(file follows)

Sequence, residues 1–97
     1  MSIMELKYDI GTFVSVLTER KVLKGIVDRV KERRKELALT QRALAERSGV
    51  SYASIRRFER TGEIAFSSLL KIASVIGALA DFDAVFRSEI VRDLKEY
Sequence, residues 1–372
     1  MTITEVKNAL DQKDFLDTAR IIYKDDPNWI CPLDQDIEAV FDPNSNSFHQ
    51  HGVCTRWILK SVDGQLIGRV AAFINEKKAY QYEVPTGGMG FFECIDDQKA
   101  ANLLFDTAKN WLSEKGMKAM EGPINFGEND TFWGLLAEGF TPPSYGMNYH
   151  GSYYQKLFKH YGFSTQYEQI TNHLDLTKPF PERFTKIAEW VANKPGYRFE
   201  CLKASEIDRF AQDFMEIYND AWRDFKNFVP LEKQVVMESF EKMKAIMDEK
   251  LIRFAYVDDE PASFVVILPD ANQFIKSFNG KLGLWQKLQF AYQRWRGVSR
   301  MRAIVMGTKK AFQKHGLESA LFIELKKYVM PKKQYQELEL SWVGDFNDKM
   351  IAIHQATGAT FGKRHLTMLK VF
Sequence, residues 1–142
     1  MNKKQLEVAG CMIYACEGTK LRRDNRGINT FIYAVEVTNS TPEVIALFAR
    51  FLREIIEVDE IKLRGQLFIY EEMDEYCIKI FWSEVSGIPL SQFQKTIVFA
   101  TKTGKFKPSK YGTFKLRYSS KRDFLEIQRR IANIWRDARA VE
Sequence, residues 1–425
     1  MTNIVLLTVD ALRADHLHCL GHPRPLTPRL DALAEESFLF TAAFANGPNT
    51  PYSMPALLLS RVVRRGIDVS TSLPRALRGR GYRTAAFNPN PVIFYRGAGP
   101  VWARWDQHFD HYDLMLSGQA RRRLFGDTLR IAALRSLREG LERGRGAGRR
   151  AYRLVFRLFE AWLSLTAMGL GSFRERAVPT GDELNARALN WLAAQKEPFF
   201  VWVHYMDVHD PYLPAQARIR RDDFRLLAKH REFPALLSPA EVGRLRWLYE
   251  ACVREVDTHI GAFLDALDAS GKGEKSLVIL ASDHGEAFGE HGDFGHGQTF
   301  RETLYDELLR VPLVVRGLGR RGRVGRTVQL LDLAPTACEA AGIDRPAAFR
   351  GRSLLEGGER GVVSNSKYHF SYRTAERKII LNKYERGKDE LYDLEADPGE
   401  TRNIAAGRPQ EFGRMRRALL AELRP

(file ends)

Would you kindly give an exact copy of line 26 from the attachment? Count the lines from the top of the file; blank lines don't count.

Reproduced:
   401  TRNIAAGRPQ EFGRMRRALL AELRP